A group of 26 American mask manufacturers sent a letter to President Biden this week, urging him to adopt new policies to keep the country's nascent medical PPE industry afloat.
One year ago, mayors and governors across the U.S. pleaded with entrepreneurs to set up factories in order to make medical gloves, gowns, and N-95 masks. But now that the U.S. facilities are at full strength, the letter warns China is "effectively dumping masks on the U.S. market at well below actual cost."
Lloyd Armbrust, President of the American Mask Manufacturers Association, said the glut of cheaper Chinese-made masks, may force many of his members to cease operations in as little as one to two months.
"The grand majority said we have no business. We are not selling a single mask anymore," Armbrust said.
Get Tri-state area news and weather forecasts to your inbox. Sign up for NBC New York newsletters.
Brian Wolin, CEO of Protective Health Gear — a Paterson, New Jersey, manufacturer of N-95 respirators — said he is shocked that, after political leaders pleaded for more domestic medical supplies last year, not a single government contract for PPE has come his way.
"We need to protect ourselves from other pandemics in the future and other problems where we need American manufacturing," Wolin said.
In the letter, the domestic mask makers urge President Biden to mandate domestic stockpiles carry only masks made in the US. They also ask for new rules requiring federally funded hospitals purchase at least 40 percent of their masks from domestic factories.
Brent Dillie, Managing Partner of Virginia's Premium-PPE, compared the need for close proximity mask production to the need for law enforcement presence in a dangerous neighborhood.
"If your house is broken into," Dillie said, "would you rather the police be located a thousand miles away or two minutes away?"
Michael Einhorn, President of Dealmed, a Brooklyn-based medical supply manufacturer and distributor, said its not just federal rules that need to change. He believes state and city procurement rules need to be reformed - to recognize the value of producing key medical products nearby.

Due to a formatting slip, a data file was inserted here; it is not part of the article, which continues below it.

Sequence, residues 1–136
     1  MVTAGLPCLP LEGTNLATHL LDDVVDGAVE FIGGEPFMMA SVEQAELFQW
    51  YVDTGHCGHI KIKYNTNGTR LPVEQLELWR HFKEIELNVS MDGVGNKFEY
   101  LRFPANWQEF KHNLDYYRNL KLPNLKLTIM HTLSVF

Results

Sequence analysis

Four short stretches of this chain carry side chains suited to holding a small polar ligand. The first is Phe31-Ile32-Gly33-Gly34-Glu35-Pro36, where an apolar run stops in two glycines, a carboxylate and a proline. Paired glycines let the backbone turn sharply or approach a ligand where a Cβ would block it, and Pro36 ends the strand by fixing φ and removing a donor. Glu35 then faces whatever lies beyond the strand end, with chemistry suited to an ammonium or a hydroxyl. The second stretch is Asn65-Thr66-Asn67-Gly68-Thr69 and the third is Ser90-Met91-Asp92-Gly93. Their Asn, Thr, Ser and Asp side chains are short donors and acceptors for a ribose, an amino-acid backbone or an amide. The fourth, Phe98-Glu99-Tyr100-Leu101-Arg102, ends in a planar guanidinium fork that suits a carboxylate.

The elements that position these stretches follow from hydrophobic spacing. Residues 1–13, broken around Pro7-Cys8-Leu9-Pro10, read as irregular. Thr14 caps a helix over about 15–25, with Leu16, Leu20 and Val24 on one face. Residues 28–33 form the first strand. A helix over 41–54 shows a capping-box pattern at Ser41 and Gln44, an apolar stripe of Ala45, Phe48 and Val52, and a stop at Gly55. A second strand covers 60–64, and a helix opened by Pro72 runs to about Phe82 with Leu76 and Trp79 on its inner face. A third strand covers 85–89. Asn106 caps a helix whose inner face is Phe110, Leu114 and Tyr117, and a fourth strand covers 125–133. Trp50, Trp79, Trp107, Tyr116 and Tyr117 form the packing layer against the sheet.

"There has to be weight in terms of where the product is coming from and where it is made," Einhorn said. "Not just who is the cheapest and who can deliver it at lowest price."
Despite all the talk of American manufacturing and diversified supply chains, Einhorn says most of his clients, including New York City, still seem to purchase PPE shipments based mostly on which bidder has the most affordable price per unit. Inevitably that means most of the goods are coming from China.
"The solution really is understanding that the global supply chain of the past will not work for the future," he said. "You can't rely on one country. And that country today is China."
Nick Benson, a spokesman for New York City's Department of Citywide Administrative Services, said during the worst of the pandemic the city's procurement specialists scoured "every corner of the world" to find PPE. In the process, he said they created a more resilient network of medical suppliers which includes contracts for American made PPE which are active today.
"The City of New York succeeded by assembling a diverse base of PPE suppliers, including local companies that shifted their operations to help meet our city's needs," Benson wrote in an email to the I-Team.
Benson didn't name the American PPE producers now doing business with New York City, but Wolin knows his company, isn't one of them. With the Protective Health Gear factory just a 40 minute drive across the Hudson River, Wolin said it just makes sense for his company to be part of the city's supply base.
"Any hospital that would call upon us in the City of New York, in the state of New Jersey, we could be there in less than an hour with our goods if they were ever in need of them."